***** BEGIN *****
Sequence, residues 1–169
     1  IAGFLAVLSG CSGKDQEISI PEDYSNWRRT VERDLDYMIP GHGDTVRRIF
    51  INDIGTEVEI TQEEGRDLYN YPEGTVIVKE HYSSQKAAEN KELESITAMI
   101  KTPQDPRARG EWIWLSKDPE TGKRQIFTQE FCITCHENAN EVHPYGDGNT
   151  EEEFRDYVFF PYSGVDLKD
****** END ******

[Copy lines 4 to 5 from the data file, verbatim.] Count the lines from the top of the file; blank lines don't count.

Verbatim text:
   101  KTPQDPRARG EWIWLSKDPE TGKRQIFTQE FCITCHENAN EVHPYGDGNT
   151  EEEFRDYVFF PYSGVDLKD